September is upon us and with that is the return to colleges and universities by thousands of Canadian students.
It also is the time they are reminded of their mounting student debts.
To understand how quickly these loans accumulate, we need some history regarding the program.
The Canada Student Loan Program was created in 1964. Between 1964 and 1995, loans were provided by financial institutions to post-secondary students who were approved to receive financial assistance.
The financial institutions also administered the loan repayment process.
In return, the Government of Canada guaranteed each Canada Student Loan that was issued by reimbursing the financial institution the full amount of loans that went into default.
On July 31, 2000, the risk-shared arrangement between the federal government and participating financial institutions came to an end. Ottawa now directly finances all new loans issued on or after Aug. 1, 2000.
Administration of Canada Student Loans is the responsibility of the National Student Loans Service Centre (NSLSC). Defaulted Canada Student Loans disbursed under this program now are collected by Canada Revenue Agency.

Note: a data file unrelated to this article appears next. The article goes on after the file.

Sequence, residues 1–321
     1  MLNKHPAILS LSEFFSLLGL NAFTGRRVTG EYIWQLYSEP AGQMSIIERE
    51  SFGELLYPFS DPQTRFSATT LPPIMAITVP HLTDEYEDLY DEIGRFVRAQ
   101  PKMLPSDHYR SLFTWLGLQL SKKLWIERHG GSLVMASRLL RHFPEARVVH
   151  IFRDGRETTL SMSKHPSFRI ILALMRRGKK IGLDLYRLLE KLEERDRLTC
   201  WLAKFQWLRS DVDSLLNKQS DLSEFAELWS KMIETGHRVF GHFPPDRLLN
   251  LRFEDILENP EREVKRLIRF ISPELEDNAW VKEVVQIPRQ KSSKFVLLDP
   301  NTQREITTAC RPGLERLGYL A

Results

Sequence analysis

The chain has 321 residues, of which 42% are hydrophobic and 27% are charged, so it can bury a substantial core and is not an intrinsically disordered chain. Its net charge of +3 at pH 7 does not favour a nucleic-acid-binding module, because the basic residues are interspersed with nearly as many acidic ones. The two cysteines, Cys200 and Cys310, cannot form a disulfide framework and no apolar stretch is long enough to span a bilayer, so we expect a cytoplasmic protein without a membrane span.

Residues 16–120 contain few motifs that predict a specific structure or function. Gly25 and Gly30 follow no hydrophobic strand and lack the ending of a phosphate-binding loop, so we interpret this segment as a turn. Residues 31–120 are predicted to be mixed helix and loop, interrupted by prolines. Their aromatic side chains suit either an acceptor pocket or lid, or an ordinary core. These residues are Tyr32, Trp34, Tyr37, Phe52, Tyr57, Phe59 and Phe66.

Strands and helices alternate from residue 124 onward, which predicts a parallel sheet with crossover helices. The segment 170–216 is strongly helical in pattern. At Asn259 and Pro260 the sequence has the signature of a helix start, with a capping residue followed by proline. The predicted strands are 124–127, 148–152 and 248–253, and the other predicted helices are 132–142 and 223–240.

Confusing? Yes. But perhaps equally confusing is the number of programs to assist students who find themselves facing financial difficulty during repayment.
These include Interest Relief, Debt Reduction in Repayment, Revision of Terms, and the Permanent Disability Benefit.
Recently, the Vancouver-based Coalition for Student Loan Fairness released a powerful report outlining just how serious these debts are. Currently, Canadian students owe the federal government about $800 million in defaulted student loans.
The coalition says nearly $98 million of that amount is interest.
Under an Access to Information request, the group also has determined that Ottawa is spending more money collecting defaulted loans than ensuring its interest relief and debt reduction programs are accessible to students.
Clearly changes are needed to make the program more efficient.
In next week’s column, I will examine some of the recommendations made by the Coalition for Student Loan Fairness and share some of the examples I’ve encountered in my constituency offices.